- Timing: Send your first email a couple of days after your new community members have accepted your terms and conditions, and time your remaining emails for every 7-10 days. (But try to make it match the email cadence your community is used to.) We recommend you send between 3-4 emails, depending on the goals you have for your series, and excluding members from other automation rules while they receive the onboarding series. Speaking of goals…
- Strategy: Decide what your desired goal is before you craft each email. Your goals will help you decide what actions you want new members to take and which information to share. Structure your emails around those tasks.
- Content: Focus on one topic per email. Stick to one topic per email and make its content scannable. If you have many topics you need to cover, go over them in separate emails. Short emails are easier for members to get through. Not sure what to include? Focus on the basics of using your online community platform. Generally, your community members will want to know how to:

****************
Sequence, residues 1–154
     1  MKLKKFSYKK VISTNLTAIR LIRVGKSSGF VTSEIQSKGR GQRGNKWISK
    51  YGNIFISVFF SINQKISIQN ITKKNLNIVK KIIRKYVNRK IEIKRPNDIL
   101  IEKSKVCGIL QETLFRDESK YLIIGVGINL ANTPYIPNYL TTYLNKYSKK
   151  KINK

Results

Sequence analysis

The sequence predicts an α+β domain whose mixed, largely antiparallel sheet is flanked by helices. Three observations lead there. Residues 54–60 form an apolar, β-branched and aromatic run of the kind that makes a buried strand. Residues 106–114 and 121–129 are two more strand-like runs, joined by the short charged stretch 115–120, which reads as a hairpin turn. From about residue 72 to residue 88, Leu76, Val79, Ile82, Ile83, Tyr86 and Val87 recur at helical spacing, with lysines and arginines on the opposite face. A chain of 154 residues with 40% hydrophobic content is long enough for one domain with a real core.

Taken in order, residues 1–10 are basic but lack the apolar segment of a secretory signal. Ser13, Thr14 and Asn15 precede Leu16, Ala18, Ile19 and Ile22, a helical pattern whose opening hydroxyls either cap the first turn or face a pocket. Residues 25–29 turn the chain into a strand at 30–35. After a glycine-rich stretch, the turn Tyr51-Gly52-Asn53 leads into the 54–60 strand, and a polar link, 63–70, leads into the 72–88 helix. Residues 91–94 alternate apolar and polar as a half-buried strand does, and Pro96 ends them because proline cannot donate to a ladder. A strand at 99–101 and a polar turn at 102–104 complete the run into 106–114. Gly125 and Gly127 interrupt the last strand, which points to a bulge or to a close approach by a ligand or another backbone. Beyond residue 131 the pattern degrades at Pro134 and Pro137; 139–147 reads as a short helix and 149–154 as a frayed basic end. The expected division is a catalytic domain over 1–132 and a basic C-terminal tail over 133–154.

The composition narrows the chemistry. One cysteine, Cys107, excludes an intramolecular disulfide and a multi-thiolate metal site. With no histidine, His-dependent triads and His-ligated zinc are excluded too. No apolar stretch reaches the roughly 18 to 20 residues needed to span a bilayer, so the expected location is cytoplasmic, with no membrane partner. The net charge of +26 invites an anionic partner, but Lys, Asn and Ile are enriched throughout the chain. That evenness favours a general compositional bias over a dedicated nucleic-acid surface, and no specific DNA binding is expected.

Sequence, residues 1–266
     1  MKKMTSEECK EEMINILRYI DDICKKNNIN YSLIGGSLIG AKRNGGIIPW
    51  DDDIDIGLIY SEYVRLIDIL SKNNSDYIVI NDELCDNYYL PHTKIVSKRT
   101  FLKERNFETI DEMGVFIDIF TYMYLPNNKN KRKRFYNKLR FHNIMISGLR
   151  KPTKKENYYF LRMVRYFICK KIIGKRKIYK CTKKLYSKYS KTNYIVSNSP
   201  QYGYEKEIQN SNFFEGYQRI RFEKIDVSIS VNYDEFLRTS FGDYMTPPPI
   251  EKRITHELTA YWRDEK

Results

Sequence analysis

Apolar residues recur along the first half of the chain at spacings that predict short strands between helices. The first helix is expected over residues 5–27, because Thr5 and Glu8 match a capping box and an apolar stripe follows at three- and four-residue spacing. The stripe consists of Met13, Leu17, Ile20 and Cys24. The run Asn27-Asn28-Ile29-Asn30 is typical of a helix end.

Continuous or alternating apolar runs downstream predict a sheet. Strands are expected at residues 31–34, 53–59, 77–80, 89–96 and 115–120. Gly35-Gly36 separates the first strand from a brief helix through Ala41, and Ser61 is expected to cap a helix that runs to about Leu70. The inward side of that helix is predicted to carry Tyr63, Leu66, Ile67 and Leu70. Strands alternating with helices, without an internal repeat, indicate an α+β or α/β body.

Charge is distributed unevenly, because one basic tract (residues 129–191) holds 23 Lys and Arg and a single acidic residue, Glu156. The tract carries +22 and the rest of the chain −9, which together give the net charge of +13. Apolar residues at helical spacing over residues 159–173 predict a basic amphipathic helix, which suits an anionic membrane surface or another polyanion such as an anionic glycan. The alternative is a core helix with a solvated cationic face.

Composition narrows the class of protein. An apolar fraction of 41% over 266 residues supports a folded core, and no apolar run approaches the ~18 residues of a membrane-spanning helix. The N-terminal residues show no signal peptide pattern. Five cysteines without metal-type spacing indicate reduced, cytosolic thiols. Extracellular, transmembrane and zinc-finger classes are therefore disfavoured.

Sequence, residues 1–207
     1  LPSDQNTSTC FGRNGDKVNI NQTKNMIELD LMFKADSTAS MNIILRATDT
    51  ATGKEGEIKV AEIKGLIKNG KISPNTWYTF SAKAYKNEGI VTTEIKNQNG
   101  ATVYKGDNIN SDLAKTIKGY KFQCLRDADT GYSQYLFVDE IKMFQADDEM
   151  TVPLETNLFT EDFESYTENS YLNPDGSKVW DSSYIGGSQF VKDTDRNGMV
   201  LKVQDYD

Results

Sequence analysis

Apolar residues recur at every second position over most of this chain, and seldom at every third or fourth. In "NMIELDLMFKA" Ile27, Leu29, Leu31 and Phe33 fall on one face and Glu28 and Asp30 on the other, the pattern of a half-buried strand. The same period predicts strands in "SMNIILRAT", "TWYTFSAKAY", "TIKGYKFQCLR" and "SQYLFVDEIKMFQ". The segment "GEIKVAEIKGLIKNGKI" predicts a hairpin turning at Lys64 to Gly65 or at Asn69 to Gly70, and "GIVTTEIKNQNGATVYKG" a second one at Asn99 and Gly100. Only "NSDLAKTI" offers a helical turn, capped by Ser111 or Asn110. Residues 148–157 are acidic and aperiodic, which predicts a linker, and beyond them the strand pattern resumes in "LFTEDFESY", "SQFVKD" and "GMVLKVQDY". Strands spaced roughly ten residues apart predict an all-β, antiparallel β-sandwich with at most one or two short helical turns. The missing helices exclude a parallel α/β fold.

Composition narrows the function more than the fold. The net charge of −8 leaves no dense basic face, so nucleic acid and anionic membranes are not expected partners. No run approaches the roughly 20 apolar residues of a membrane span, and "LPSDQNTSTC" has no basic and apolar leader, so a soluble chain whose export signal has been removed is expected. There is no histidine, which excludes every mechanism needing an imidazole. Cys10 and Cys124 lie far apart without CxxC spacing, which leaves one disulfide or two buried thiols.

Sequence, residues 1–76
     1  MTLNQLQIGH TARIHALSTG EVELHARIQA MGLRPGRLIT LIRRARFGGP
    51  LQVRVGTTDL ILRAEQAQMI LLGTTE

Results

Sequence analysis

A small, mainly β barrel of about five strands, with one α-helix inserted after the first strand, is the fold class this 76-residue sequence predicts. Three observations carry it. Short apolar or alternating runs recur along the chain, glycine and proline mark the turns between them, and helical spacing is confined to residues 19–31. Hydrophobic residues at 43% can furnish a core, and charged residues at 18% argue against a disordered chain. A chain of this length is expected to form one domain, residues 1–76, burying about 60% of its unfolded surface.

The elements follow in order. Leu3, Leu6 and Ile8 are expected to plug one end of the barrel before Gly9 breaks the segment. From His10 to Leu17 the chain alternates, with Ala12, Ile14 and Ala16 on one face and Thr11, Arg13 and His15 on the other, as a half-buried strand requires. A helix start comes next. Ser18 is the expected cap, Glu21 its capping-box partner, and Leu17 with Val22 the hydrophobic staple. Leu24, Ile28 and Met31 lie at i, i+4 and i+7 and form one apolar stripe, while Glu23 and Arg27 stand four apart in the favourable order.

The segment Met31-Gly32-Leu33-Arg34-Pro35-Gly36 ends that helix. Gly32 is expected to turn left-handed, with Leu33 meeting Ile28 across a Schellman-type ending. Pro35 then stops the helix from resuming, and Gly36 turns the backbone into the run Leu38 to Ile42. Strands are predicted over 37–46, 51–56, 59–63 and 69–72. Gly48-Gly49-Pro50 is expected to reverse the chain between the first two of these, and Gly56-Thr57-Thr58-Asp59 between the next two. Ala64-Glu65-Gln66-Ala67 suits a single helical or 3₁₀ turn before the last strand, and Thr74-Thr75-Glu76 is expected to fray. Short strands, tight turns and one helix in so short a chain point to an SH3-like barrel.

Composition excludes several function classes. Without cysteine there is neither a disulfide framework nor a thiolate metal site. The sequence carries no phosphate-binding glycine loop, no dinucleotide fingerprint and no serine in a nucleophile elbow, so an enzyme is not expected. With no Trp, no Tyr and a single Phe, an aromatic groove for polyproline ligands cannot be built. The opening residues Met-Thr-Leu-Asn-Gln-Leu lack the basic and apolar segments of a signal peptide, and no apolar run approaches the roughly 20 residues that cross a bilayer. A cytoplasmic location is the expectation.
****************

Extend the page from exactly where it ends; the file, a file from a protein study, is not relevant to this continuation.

- Post a discussion
- Navigate the community
- Adjust their community email subscriptions
- Find useful resources
- Tone: Write your email in the sender’s voice. If it’s coming from the community manager, make sure it sounds like them. Your goal should be to make these emails as human-sounding as possible.
- CTAs: Create clear calls to action (CTA) so members know what action to take next. Like the tip above, don’t include too many calls to action in one email, or you might lose your reader.